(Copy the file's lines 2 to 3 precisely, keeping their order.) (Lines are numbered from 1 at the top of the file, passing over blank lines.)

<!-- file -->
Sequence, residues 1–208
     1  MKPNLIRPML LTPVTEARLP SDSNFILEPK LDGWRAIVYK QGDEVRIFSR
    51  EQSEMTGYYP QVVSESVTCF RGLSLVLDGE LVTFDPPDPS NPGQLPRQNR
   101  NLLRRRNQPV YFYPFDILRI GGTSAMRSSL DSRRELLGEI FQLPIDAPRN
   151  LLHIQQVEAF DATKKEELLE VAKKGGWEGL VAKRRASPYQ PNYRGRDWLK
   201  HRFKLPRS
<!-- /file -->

     1  MKPNLIRPML LTPVTEARLP SDSNFILEPK LDGWRAIVYK QGDEVRIFSR
    51  EQSEMTGYYP QVVSESVTCF RGLSLVLDGE LVTFDPPDPS NPGQLPRQNR